Yesterday, more than one thousand people, from different sectors and backgrounds met in Gdańsk, to celebrate the European Maritime Day.
This city is itself an example of the potential of emerging maritime sectors: despite the problems, a part of the Shipyard has diversified its production and offers wind turbine towers and wave energy plants. At the same time, the Gdynia Maritime Academy prepares young people to be the skilled professionals of tomorrow’s maritime industry.
The sea and oceans can bring us more jobs, higher standards of living and longer, healthier lives for our people.
But we need to do more to unlock this potential and make sure that the maritime economy can benefit the 88 million Europeans who work in coastal regions, as well as any other.
We need to boost investments, for instance in the field of renewable energies, tidal energies, bio-technology products of sea origin, sea tourism, short–sea shipping, reducing costs and ensuring that marine space is properly managed. We are doing so, promoting research as part of the “Marine Knowledge 2020″ initiative and promoting Maritime Planning. Also, the creation of a network for Maritime Surveillance can counter crime, protect merchant ships and fishing boats and improve rescue operations.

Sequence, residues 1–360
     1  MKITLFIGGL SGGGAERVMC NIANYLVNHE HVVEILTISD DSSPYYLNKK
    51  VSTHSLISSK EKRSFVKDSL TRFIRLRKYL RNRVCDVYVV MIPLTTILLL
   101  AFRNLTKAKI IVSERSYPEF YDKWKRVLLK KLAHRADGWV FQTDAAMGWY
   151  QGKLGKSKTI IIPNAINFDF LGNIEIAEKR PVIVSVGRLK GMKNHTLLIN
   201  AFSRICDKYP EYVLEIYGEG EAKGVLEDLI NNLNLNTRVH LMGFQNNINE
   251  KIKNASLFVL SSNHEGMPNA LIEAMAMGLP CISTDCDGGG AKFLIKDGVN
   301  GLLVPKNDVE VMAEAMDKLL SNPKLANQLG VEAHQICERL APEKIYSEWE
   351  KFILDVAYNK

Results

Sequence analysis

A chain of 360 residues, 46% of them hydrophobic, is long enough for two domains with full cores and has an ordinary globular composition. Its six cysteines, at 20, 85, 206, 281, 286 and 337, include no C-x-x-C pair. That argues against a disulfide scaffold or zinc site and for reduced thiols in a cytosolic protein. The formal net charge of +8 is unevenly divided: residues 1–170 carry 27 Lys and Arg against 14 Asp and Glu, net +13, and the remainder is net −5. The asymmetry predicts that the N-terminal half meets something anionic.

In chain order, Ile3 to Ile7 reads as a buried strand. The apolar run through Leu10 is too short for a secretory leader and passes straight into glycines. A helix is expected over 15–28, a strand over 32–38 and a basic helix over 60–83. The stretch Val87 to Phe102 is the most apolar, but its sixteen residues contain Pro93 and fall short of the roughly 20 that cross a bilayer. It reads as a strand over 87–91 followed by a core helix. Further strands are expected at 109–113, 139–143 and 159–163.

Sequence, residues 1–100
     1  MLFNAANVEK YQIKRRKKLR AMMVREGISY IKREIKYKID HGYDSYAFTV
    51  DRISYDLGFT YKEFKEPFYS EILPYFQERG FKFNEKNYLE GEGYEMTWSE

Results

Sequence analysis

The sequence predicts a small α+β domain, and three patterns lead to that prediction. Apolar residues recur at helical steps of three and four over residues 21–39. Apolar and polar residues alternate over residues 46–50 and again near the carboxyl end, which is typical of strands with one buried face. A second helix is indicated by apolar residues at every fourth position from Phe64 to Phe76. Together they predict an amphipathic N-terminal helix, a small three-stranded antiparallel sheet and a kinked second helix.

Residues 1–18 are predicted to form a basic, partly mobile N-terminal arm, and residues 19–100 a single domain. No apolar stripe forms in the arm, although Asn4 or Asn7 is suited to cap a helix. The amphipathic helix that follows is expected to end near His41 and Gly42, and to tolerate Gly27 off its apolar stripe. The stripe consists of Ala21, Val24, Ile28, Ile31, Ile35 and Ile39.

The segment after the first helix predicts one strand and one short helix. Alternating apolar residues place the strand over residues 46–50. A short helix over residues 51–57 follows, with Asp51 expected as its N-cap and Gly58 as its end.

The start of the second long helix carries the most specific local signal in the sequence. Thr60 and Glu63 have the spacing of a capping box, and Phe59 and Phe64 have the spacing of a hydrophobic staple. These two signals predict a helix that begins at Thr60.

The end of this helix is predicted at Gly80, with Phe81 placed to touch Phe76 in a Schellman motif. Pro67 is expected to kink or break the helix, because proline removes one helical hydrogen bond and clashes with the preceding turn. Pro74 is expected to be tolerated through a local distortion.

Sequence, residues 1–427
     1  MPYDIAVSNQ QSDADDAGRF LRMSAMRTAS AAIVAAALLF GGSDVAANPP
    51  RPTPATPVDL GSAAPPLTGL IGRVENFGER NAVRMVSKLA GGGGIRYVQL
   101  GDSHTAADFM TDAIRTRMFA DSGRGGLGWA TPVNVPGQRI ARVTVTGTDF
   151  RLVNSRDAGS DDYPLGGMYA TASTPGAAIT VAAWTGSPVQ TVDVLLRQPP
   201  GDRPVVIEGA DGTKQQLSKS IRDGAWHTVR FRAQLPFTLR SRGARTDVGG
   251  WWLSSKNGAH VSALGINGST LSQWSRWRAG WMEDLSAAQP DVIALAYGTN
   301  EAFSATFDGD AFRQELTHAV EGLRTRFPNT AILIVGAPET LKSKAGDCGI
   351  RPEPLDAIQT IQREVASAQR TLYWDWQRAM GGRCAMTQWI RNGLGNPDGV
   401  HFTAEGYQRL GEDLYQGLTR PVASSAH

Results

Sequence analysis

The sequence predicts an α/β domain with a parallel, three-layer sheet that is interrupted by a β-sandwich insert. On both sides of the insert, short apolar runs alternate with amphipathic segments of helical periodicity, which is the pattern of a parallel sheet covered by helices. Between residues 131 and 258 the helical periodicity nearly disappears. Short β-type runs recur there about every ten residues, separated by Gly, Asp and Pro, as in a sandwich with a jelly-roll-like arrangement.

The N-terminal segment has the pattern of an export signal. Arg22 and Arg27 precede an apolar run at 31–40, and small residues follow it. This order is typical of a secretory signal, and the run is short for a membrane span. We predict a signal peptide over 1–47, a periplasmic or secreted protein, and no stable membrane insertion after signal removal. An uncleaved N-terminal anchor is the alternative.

These initiatives are the first pieces of a huge puzzle, and their effects are already showing. But must not stop here. We must continue to work for removing the barriers hindering sustainable growth coming from the sea. We want to mix and match the skills, research and capital needed to drive forward Europe’s maritime economy.
I am convinced that even in today’s economic climate, the challenges posed by marine renewable energies or by deep-sea exploration are not the problem: they are the solution.
Our Integrated Maritime Policy creates linkages between all the sectors, improving planning, cutting costs and promoting new resources for blue growth and jobs.EUROPEAN MARITIME DAY: A MARITIME POLICY FOR THE CITIZENS,